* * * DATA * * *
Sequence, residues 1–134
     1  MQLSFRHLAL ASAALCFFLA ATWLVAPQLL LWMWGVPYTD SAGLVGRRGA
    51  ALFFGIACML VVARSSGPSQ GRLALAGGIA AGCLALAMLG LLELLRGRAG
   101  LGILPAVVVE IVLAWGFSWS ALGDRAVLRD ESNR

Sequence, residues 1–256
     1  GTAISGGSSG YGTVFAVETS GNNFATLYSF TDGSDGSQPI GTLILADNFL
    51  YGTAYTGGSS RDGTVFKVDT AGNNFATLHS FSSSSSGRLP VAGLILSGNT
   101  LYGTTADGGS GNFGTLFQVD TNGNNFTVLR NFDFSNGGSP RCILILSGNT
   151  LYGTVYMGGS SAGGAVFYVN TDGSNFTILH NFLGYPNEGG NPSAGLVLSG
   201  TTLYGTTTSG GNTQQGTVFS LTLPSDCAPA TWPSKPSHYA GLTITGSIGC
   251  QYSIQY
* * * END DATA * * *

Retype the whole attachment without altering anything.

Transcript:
Sequence, residues 1–134
     1  MQLSFRHLAL ASAALCFFLA ATWLVAPQLL LWMWGVPYTD SAGLVGRRGA
    51  ALFFGIACML VVARSSGPSQ GRLALAGGIA AGCLALAMLG LLELLRGRAG
   101  LGILPAVVVE IVLAWGFSWS ALGDRAVLRD ESNR

Sequence, residues 1–256
     1  GTAISGGSSG YGTVFAVETS GNNFATLYSF TDGSDGSQPI GTLILADNFL
    51  YGTAYTGGSS RDGTVFKVDT AGNNFATLHS FSSSSSGRLP VAGLILSGNT
   101  LYGTTADGGS GNFGTLFQVD TNGNNFTVLR NFDFSNGGSP RCILILSGNT
   151  LYGTVYMGGS SAGGAVFYVN TDGSNFTILH NFLGYPNEGG NPSAGLVLSG
   201  TTLYGTTTSG GNTQQGTVFS LTLPSDCAPA TWPSKPSHYA GLTITGSIGC
   251  QYSIQY